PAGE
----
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Revolution: The Music Roots Of Yes (vinyl)

Review by Gary Hill

This gets placed under progressive rock strictly because of the Yes connections. Along with the CD that I reviewed in this issue, this record collects a number of pre-Yes pieces from various members of the band. It's certainly worth having for the historical point of view. The record itself seems to be quality. It plays well, and I actually rather like the flow of the songs in this order. The thing is, the packaging is pretty shoddy. From a misspelled album title to the fact that they don't even list who the real artists are on the songs, they could have done a better job with this. At least on the CD set that included the artist names for the tracks. Still, I'm glad to add this to my collection, but it seems pretty obvious that it's un-official and un-authorized release. I should note that I've modified the track reviews from that CD review for use here for the sake of consistency, and I added the artists in.

This review is available in book (paperback and hardcover) form in Music Street Journal: 2023  Volume 4 More information and purchase links can be found at:

Track by Track Review
Side A
The In Crowd (W/ Steve Howe)
Why Must They Criticize

A bit like The Byrds, this is a classy 1960s rock and roller. It should be noted that I've spelled the title on this correctly, but it's listed on the cover as "Why Must They Critize."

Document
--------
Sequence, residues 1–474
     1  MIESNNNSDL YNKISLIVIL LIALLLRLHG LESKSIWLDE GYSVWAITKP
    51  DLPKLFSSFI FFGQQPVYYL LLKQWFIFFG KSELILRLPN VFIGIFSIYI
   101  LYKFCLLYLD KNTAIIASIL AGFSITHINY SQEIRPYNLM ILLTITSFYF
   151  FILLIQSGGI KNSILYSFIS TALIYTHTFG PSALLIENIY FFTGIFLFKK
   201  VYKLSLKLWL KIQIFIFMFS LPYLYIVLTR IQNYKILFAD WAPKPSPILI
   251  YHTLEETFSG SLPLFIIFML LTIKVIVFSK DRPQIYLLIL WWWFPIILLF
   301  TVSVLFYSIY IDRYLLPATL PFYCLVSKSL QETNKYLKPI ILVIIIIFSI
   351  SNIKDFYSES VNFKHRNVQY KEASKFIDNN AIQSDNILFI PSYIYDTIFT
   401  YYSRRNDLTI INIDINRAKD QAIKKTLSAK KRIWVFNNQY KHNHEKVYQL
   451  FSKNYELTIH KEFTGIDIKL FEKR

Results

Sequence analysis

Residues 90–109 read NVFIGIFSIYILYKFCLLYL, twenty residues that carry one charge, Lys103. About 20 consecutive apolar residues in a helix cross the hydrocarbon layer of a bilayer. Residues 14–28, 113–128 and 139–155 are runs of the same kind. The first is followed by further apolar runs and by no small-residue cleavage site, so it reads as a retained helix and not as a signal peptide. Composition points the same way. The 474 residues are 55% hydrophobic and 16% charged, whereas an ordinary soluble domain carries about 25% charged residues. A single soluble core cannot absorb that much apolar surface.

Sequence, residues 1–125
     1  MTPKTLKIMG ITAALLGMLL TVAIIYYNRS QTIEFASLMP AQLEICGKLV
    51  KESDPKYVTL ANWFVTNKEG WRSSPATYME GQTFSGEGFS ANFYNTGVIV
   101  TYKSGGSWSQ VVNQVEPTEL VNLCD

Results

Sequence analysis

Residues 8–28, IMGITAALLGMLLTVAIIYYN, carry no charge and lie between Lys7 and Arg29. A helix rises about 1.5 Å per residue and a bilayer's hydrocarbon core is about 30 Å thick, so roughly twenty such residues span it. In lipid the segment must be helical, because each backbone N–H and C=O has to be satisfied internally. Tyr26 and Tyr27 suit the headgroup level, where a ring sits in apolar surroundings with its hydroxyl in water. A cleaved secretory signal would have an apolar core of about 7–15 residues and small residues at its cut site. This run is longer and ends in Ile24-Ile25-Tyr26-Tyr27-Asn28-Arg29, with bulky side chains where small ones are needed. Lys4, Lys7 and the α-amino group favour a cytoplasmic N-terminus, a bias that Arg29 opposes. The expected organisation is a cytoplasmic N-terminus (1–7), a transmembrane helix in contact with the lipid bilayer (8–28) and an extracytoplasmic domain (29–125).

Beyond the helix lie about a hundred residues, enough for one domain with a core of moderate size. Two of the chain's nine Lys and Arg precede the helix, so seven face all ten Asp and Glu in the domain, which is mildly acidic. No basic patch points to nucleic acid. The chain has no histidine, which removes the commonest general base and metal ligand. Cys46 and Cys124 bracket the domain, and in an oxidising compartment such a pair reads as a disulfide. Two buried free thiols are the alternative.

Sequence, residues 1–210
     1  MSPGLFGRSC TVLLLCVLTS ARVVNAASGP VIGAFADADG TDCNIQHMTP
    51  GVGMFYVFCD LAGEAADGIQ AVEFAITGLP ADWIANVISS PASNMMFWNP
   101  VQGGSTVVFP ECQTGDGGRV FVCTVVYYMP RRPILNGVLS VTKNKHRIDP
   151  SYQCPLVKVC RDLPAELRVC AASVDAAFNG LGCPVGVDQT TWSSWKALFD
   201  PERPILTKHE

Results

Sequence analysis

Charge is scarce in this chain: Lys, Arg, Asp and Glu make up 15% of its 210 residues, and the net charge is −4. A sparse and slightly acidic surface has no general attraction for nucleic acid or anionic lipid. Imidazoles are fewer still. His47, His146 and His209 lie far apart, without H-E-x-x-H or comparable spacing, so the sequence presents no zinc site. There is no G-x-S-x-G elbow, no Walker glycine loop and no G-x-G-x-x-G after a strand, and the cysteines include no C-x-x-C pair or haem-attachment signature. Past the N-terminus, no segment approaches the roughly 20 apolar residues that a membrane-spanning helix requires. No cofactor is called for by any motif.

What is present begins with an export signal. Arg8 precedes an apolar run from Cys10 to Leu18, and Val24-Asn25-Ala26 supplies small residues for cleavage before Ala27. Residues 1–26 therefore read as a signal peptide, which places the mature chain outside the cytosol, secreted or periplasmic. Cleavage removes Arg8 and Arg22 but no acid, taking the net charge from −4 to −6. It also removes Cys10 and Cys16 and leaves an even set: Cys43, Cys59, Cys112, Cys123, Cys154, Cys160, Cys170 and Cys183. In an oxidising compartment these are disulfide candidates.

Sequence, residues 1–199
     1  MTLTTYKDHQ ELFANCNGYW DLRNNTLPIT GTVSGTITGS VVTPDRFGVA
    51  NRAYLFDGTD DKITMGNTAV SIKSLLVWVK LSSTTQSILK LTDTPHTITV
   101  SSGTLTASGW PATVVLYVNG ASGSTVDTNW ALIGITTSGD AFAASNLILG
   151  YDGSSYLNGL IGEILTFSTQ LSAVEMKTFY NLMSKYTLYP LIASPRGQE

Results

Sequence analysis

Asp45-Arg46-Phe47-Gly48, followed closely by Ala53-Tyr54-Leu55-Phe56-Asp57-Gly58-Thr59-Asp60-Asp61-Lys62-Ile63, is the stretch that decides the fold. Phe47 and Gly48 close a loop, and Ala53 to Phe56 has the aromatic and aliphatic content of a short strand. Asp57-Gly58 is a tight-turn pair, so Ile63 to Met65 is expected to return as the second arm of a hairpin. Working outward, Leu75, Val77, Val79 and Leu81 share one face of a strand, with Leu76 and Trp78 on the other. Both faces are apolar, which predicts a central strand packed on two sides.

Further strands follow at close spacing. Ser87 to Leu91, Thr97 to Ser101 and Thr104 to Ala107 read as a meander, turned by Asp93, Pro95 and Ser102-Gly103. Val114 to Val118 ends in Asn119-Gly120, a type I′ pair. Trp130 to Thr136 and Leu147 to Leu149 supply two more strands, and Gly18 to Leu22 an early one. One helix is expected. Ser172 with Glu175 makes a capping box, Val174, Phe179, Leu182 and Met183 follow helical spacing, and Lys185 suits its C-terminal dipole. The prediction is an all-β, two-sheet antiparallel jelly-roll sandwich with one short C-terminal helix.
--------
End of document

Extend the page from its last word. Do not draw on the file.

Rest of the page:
I Don't Mind
This is a slow grind with a lot of character. The vocal performance is very much in keeping with something from the Animals, but this has such a powerful texture that it works better than most. Howe gets in some extremely tasty (if not overly trademark) guitar soloing.
Happy Magazine (w. Alan White)
Keep On Dancin’ With Me

Bouncy and playful, this is very much typical 1960s pop rock. It has some definite jazz elements in the mix.

The Climb
Another 1960s pop rocker, this rocks out pretty well for the time. I'm not enthused about the vocals, but the retro instrumental groove is classy.
Twilight Time
Here we get a 1950s groove. The horn arrangement adds something to it, but overall this is just what I would call competent. That said, there are some weird timing changes.
Here we get more of a retro ballad. The drumming on the tune really does stand out, as does the organ. The vocals sound a bit like Elvis Presley.
Tomorrow (W/ Steve Howe)

The opening on this is pretty weird, but the chorus is quite catchy and the track definitely has its moments. There’s some trademark Howe guitar work on this.

Side B
Keith West (W/ Steve Howe)
Shy Boy

Playful, most of the lyrics on this one are in German. This has a great shuffling groove. It's a tasty 1960s jam.

The Warriors (W/ Jon Anderson)
You Came Along

I dig this rock and roller quite a bit. Don't expect Jon Anderson to be doing the lead vocals. I can hear him in the background, though.

Happy Magazine (w. Alan White)

This is more of a 50s rock and roller. I dig the jazz parts of it quite a bit, but it's mostly a by-the-numbers kind of thing.

Hans Christian (Jon Anderson)
Mississippi Hobo

This is a trippy sounding piece. It has a lot of psychedelia in the mix. Anderson sounds lower than what I expect from him. This is solid and intriguing in its arrangement.

Happy Magazine (w. Alan White)
Lost And Alone

This is more of a doo wop 50s tune. It's nothing Earth shattering, but this balladic piece works pretty well.

Bucketful Of Love
A bouncy retro rocker, this is a lot of fun. It is a standout tune.
Syndicats (W/ Steve Howe

This is a classic 1960s sounding interpretation of a Chuck Berry standard. The harmonica lends a cool texture to this. There is nothing Earth-shattering about this, but it's a fun rocker.

True To Me
A mellower old school rock and roll song, this one doesn’t do a lot for me. It’s never really been my kind of music and there’s no guitar solo or anything like that to save it.


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